California mom with MS dies of COVID-19 after being denied vaccine: lawsuit

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A California mother-of-three died of COVID-19 after she was denied a vaccine and then monoclonal antibody treatment because she had multiple sclerosis, her family claims.

Nerissa Regnier, 45, a real estate agent from Mission Viejo, died Dec. 16 after allegedly being refused a jab despite asking for one seven times within six months, ABC 7 Los Angeles reported.

She was then denied monoclonal antibody treatment after contracting the deadly bug, her family’s attorneys said this week as they announced plans to file a wrongful death lawsuit against her health care provider, Kaiser Permanente.

“She was a very healthy mother of three managing her MS,” attorney Annee Della Donna said about Regnier, who left behind her husband, Devin Regnier, and three children, ages 14, 16 and 19, ABC 7 reported.

In February, Regnier was placed on a new drug regimen for MS, which suppressed her immune system – but when she inquired about getting a COVID-19 vaccine, she was denied it because it supposedly contained a “live virus,” the lawyer said.

But that claim is false, Della Donna said.

“When you’re immunocompromised you need the COVID-19 vaccine,” she said, adding that the woman was told seven times over the following six months that she could not get a “live” vaccine.

“They keep telling her no, no, no,” Della Donna said.

In August, Regnier asked her neurologist about getting inoculated and he told her she had to get the jab, the lawyer said.

“Two days later she runs over to Kaiser to get the COVID vaccine and she’s feeling symptoms so they test her and she’s got COVID,” she said.

The mom-of-three was also denied monoclonal antibody treatment after contracting the virus.
The mom-of-three was also denied monoclonal antibody treatment after contracting the virus.
Facebook/Nerissa Regnier

Regnier was then given antibiotics – another no-no – as well as steroids, which is not recommended, Della Donna added.

And when she was denied monoclonal antibody treatment, her husband got her discharged from Kaiser’s hospital in Irvine and took her to Hoag Memorial Hospital Presbyterian, where she was told it was too late, said Eric Dubin, another lawyer for the family.

She was stabilized at Hoag before returning to Kaiser, where she eventually died, according to Della Donna.

“Twice, this husband relied on Kaiser for medical guidance and twice they failed him. It’s a devastating case,” another attorney, Eric Dubin, said.

Della Donna, who described Regnier as a “healthy mom” who was “very active in the community,” said she had her MS under control.

“This is a public service announcement. If you’re told you shouldn’t get the vaccine because it’s a live vaccine that’s just flat-out wrong,” she said.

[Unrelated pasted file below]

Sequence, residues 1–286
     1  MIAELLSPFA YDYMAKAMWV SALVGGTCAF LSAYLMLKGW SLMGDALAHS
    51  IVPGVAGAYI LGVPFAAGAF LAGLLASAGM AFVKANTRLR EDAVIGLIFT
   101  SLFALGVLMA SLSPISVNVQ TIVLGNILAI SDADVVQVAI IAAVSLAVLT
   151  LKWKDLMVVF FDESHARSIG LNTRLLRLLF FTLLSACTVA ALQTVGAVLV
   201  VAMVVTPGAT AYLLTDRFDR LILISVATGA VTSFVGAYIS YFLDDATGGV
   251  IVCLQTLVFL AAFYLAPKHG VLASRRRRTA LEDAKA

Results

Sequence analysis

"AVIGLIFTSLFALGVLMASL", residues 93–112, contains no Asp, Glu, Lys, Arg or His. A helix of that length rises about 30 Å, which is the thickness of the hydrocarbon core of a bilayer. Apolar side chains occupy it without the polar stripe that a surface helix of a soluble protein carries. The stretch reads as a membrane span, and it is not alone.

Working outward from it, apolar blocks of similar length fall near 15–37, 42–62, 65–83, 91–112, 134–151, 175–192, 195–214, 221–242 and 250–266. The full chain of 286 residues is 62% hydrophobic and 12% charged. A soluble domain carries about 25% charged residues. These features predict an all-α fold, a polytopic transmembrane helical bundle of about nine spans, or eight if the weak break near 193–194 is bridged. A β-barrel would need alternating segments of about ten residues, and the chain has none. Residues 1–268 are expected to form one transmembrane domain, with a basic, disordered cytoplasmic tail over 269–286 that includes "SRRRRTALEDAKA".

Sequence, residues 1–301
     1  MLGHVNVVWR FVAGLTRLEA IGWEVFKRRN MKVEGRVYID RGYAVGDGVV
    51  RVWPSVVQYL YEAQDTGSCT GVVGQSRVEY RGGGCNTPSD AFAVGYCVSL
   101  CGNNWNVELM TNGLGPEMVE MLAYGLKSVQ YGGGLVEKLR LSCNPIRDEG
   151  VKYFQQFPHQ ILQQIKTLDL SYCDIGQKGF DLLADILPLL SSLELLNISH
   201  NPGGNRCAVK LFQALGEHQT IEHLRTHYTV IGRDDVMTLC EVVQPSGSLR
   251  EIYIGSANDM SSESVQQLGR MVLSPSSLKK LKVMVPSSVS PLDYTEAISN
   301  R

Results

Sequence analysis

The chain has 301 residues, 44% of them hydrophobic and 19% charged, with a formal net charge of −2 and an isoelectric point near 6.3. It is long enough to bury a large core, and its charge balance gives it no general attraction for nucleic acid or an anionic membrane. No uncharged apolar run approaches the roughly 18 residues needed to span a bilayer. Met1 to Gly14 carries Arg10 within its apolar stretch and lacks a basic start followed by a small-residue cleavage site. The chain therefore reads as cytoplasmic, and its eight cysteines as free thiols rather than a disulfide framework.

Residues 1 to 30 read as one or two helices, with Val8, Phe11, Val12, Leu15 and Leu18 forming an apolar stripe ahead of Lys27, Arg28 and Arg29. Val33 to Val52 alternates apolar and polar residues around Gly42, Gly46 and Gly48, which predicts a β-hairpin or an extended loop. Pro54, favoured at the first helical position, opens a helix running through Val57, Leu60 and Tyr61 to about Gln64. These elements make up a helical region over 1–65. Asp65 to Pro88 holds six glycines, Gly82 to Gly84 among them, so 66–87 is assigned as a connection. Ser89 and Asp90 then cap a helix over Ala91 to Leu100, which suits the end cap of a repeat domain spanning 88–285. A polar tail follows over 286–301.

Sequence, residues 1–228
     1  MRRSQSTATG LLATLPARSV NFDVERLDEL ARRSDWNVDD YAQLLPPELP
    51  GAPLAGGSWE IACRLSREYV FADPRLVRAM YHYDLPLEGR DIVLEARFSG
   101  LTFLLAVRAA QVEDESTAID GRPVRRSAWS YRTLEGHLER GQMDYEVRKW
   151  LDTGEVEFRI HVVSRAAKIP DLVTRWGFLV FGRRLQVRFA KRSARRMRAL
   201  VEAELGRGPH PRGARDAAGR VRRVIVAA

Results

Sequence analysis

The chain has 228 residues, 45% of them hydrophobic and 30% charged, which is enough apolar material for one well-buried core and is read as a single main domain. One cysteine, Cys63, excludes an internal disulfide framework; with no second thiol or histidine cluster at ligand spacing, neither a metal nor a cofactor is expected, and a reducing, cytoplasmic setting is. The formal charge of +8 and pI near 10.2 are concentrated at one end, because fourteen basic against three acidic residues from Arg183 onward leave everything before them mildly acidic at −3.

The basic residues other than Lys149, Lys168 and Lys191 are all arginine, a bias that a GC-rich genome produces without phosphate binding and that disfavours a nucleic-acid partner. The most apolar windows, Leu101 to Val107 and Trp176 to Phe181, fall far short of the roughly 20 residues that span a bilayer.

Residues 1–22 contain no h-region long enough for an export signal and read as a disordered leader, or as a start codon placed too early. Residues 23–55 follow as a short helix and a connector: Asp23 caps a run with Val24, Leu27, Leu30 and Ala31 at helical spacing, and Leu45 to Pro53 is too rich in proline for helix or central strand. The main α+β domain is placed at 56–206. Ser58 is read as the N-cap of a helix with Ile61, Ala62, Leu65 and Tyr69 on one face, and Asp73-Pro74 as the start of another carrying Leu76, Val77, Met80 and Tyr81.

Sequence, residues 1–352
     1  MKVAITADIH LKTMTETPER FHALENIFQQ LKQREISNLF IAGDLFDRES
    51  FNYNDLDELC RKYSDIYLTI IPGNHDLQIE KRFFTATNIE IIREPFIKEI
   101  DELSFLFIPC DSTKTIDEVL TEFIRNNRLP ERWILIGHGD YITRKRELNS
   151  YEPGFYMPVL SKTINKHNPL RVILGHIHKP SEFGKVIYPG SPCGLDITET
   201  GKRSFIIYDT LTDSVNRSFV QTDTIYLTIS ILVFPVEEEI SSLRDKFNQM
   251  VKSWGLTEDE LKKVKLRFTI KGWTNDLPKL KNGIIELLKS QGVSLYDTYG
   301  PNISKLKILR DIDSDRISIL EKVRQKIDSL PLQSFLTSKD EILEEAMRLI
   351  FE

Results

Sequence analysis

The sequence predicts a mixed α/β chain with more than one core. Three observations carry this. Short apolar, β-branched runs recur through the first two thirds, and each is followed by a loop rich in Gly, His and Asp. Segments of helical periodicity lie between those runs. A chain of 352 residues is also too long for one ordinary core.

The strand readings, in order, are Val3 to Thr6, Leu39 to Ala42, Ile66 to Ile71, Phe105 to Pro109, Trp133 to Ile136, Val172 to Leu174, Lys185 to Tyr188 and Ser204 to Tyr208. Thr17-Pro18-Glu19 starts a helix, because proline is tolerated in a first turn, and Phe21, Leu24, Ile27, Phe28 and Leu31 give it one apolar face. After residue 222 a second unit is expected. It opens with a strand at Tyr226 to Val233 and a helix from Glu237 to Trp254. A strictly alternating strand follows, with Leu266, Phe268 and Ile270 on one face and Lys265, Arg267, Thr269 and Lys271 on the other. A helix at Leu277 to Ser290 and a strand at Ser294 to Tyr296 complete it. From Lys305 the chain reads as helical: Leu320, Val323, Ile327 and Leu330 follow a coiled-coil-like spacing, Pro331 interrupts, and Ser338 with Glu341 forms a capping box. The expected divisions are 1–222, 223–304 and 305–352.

“And everybody whose immune system is down needs to get the vaccine. That’s why we’re doing this. We don’t want this poor woman’s life to be taken in vain,” Della Donna added.

“Nerissa Regnier was refused the COVID vaccine by Kaiser because they mistakenly thought it was a live vaccine and it was contraindicated with her MS treatment,” she told Newsweek.

“When Nerissa went into Kaiser to get her COVID-19 shot, she was turned away because she had already contracted the virus,” Della Donna said.

“Once sick, Kaiser continued to commit medical negligence, by failing to give her the antibodies within the crucial 10 days, and instead, treating her with steroids and antibiotics, both which do not work against this deadly virus,” she told the mag.

“Everyone should know that COVID-19 vaccines are not live vaccines,” Della Donna added. “We also spoke to the manufacturer of the medication she was on, and they stated there was absolutely no issue with getting the vaccine while taking their drug.”

In a statement, Kaiser Permanente said: “On behalf of our physicians and care givers at Kaiser Permanente, we extend our deepest condolences to the family of Nerissa Regnier for the loss of their loved one. This global pandemic has tragically affected so many families.

“While we cannot comment on personal health information or the specific circumstances of this case, our physicians and health care professionals are dedicated to ensuring every individual treated at Kaiser Permanente receives the highest quality health care appropriate for their situation,” it said.

“Treatments for COVID-19 continue to rapidly evolve, and in consultation with each patient, we prescribe care that is intended to provide the best clinical outcomes based on current knowledge and their individual needs,” Kaiser continued.

“Additionally, we have clearly communicated to our members, patients and the public that none of the available COVID-19 vaccines contain the live virus and that they are safe and effective,” it said.

“Kaiser Permanente has been consistent since vaccines first became available that we are committed to administering vaccines safely and equitably in accordance with all federal and state guidelines,” it added.



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